A companion blog, The Metacognition Project, has been created to focus specifically on metacognition and related consciousness processes. Newest essay on TMP: Goals and Problems, part two

Thursday, April 19, 2012

Proposing a Maximum Income

It is really really simple: there is just not enough to go around if a few are going to have a great and increasing amount more than everyone else; this should be an easy thing to understand, even given the overwhelming flood of sophistic propaganda from those who have so much.  If the great mass of people, billions of them, are to have enough to live with some dignity and safety, then the “economic elites,” those with a 100 times the wealth of the world’s poorest people – and especially those with hundreds and thousands and millions of times more – must give up a significant amount of what they have…and they don’t want to…and will do just about anything, to anybody, not to.

It is like this: one person who is taking $2000 a day worth of the earth’s resources would rather that another person’s children die than that they should have to live on a $1000 a day or $500 a day.  Oh, there are a thousand reasons thrown up as to why this argument is foolish – and some of them are, in fact, difficult technicalities – but the final force that drives the human world is that the wealthy would rather remain incredible wealthy than reduce their riches for the benefit of their fellow humans and the earth’s biophysical stability.  This has been being going on for so long and so obviously as to be without question.

And what is the justification for taking $2000 a day worth of the earth’s resources when billions of people are taking only $2 a day (a 365 day year, not a 250 day work year)?  Why… that someone else is taking $4,000 a day or $20,000 a day or $200,000 a day! The richest of the obscenely rich are even taking as much as $12,000,000 a day, which is $1,500,000 an hour; this is assuming a normal work year of 250 days at 8 hours a day.  (Calculated for 365.2 days, 24 hours a day, etc. the figures are: $8,215,000 a day, $342,000 per hour, $5,700 a minute and $95 a second; that last is the daily compensation of the average US wage earner every second for 86,400 seconds a day, day in and day out.)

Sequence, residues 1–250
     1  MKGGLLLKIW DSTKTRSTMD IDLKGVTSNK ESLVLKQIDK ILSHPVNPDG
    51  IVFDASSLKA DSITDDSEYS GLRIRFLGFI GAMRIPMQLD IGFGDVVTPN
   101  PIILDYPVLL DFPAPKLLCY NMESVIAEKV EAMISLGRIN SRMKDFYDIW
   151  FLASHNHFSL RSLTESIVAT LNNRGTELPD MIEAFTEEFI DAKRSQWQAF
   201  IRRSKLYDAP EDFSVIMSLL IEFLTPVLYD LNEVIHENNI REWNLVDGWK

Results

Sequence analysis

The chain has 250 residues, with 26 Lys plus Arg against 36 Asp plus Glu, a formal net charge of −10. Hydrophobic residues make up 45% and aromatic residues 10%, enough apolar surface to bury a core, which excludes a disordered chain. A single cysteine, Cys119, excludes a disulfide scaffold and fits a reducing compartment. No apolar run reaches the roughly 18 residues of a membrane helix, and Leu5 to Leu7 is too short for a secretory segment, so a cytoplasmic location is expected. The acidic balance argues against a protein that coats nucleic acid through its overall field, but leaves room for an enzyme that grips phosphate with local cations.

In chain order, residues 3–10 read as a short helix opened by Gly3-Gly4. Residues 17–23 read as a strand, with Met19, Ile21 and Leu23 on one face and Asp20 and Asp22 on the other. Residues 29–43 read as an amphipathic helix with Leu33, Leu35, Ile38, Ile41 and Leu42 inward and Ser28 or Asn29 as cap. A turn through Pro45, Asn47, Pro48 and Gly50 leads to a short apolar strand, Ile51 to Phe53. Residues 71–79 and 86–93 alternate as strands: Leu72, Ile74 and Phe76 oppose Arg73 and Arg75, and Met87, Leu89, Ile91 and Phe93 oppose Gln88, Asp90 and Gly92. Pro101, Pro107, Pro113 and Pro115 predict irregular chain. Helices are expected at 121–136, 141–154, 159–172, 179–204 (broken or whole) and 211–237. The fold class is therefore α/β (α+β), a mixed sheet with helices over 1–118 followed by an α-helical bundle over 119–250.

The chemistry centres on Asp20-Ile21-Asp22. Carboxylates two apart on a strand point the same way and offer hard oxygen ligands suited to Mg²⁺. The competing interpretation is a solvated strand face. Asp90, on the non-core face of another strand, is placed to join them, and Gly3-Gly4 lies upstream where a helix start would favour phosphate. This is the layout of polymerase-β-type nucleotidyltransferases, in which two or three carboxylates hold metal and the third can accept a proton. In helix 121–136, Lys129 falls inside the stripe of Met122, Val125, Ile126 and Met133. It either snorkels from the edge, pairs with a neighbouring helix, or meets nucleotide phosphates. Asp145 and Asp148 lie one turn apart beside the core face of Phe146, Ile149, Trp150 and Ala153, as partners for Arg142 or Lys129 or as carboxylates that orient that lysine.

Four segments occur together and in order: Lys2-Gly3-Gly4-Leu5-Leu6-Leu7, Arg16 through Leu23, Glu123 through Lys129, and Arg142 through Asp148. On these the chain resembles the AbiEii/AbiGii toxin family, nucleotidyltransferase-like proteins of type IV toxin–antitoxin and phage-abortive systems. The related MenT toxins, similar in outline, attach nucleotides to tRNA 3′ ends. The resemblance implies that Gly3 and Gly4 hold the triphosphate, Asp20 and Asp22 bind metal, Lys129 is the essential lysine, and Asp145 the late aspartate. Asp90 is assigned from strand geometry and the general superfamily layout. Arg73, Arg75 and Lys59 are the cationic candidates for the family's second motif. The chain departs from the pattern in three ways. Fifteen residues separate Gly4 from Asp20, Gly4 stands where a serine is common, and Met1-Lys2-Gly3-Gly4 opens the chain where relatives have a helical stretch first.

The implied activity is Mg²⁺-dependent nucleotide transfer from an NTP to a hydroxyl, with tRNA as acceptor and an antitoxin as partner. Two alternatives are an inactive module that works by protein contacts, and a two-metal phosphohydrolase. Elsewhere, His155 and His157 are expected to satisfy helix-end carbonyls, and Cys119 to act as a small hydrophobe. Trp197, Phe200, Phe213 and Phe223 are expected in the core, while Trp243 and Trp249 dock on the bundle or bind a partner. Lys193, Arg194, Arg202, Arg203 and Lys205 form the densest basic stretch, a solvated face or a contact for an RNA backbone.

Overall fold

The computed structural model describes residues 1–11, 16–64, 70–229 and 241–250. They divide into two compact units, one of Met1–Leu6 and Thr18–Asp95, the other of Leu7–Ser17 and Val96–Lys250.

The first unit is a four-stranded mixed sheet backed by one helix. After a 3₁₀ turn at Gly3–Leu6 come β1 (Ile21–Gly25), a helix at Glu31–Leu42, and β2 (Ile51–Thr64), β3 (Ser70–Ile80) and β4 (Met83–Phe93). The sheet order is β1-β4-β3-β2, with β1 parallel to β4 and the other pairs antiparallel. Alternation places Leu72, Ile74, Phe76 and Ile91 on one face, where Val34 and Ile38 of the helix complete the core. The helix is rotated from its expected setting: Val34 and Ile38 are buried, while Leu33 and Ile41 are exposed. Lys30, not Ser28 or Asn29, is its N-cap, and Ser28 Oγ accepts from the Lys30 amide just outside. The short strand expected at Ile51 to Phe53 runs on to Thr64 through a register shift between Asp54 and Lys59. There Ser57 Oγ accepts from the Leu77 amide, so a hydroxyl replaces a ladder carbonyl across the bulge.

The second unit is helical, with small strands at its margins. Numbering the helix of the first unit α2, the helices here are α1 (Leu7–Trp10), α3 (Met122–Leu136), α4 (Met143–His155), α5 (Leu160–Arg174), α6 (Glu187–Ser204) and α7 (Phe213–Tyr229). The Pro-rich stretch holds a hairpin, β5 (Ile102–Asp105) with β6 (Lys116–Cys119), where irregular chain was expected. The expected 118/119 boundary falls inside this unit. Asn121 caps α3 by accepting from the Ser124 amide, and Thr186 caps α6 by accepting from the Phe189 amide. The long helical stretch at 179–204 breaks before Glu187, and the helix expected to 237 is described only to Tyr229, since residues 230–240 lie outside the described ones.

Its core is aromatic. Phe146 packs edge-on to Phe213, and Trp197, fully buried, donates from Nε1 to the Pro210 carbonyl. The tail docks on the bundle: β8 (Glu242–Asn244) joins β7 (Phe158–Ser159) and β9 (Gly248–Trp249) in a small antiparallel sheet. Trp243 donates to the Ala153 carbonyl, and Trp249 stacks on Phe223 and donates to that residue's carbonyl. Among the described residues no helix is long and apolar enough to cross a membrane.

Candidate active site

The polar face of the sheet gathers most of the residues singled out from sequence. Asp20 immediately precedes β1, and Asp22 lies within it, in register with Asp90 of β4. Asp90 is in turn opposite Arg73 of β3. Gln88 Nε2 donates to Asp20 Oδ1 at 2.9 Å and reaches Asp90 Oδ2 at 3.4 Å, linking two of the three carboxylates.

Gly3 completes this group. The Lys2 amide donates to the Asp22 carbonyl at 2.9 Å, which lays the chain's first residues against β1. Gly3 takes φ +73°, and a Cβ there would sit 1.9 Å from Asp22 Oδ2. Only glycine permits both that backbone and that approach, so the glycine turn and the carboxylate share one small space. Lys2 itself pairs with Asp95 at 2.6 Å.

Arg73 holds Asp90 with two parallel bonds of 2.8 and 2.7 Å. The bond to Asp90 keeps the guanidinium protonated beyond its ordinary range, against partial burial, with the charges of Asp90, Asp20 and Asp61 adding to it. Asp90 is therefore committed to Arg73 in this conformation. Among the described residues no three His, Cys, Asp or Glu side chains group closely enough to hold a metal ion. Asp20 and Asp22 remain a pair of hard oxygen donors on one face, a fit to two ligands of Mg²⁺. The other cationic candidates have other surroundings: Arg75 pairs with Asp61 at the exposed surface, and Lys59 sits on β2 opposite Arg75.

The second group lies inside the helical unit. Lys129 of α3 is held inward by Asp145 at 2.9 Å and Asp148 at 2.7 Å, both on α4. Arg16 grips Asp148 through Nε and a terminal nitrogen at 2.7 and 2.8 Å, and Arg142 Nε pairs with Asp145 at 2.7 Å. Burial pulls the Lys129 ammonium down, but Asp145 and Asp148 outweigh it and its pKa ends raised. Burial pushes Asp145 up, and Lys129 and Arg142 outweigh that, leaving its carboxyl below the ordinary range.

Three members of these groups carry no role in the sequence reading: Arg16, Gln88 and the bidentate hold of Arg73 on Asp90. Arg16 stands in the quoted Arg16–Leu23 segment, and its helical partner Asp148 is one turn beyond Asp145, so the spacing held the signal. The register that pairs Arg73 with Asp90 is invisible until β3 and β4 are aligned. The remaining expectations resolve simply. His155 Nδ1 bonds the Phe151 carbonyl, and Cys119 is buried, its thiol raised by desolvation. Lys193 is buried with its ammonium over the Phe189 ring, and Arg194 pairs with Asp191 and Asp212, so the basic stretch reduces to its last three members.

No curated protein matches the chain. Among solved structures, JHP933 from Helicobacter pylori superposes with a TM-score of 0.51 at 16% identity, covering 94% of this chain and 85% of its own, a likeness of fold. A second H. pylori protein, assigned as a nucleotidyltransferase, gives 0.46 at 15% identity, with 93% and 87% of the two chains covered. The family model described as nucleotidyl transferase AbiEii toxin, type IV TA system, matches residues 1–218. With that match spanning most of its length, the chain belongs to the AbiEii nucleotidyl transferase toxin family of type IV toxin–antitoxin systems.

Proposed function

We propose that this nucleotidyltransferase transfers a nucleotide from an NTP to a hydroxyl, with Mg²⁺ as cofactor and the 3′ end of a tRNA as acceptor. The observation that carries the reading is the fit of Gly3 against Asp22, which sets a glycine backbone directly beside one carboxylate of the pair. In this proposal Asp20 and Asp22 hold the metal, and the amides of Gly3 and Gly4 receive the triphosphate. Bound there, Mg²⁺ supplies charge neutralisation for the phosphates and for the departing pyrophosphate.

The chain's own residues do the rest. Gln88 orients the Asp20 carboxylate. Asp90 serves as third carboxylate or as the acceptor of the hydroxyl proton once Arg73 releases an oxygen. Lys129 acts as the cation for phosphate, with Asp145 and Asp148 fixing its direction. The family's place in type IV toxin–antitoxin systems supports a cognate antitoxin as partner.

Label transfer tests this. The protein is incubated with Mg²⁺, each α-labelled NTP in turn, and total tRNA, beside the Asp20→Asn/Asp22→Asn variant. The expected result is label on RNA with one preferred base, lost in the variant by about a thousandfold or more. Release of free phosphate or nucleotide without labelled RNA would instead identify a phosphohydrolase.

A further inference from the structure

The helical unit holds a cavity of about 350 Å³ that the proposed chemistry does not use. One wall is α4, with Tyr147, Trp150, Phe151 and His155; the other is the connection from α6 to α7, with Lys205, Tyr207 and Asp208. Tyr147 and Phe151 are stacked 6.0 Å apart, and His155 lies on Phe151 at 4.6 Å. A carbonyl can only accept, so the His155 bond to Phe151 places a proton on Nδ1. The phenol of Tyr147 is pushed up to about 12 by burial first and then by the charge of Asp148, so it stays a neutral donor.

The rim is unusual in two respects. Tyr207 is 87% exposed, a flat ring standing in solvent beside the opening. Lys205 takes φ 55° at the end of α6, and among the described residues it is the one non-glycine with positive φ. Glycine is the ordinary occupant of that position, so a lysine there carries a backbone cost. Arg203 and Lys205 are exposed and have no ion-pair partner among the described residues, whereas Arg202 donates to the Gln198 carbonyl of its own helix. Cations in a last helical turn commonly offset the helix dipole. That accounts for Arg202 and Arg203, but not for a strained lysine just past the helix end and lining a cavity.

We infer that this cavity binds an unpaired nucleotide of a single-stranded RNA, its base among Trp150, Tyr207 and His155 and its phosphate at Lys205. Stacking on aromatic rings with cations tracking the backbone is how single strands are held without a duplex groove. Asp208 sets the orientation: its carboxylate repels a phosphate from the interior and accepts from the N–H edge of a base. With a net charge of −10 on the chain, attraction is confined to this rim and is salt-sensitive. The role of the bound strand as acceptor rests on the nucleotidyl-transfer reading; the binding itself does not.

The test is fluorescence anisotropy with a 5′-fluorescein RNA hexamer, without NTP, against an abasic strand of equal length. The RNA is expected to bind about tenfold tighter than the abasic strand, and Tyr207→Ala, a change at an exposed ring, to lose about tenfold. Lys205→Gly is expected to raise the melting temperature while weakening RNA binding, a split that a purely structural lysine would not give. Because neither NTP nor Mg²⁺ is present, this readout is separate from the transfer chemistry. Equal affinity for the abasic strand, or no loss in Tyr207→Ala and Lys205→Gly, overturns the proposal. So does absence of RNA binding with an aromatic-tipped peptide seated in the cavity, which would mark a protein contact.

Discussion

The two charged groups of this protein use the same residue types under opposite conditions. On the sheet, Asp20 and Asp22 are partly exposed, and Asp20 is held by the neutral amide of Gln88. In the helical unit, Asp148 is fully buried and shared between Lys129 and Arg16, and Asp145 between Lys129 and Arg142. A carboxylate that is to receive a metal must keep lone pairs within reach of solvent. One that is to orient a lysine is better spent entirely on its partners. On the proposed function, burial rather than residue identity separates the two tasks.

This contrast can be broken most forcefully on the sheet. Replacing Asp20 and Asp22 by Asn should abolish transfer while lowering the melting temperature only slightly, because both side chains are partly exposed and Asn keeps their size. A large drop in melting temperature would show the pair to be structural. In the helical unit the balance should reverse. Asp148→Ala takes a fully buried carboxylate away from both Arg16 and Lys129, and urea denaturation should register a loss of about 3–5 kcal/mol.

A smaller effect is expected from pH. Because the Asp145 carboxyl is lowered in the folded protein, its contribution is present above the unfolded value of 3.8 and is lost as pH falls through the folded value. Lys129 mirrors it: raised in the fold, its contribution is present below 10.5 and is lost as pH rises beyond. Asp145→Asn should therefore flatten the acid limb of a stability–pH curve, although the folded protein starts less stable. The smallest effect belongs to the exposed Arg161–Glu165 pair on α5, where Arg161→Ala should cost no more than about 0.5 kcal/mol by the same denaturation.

Back to simple: people with the power that a million dollars a day affords don’t have to think of others.  And more obvious still when the propaganda drugs have worn off: no one should be allowed to be in the structural position where it is unnecessary to consider the consequences of their actions on the lives and the world around them.

Take a look at this table; where on it do people begin to stop caring about others in a sort of structural way, at what point do they begin to think of other people as “beneath” them, as unworthy, as inconsequential, as disposable to economic interests?  I’ll tell you what I think toward the end of this piece; don’t want to bias you.

number of

people this

times greater
income could
income for 250
income per
than $2/day
support at
day work year
hour/8hr day
living stndard
$40 a day

equals $2/day


A few things to notice that might not come to mind without the table: a person with a million dollars a year income (I know I’m not considering taxes, but at present rates in the US taxes don’t change the general picture very much), if they took a $250,000 a year income, and redistributed the $750,000 in some thoughtful scheme, it could allow a hundred people to make a societal contribution with about the $30 a day level of income.  Imagine the dignity and security that could come with the change from $2 a day to $30 a day.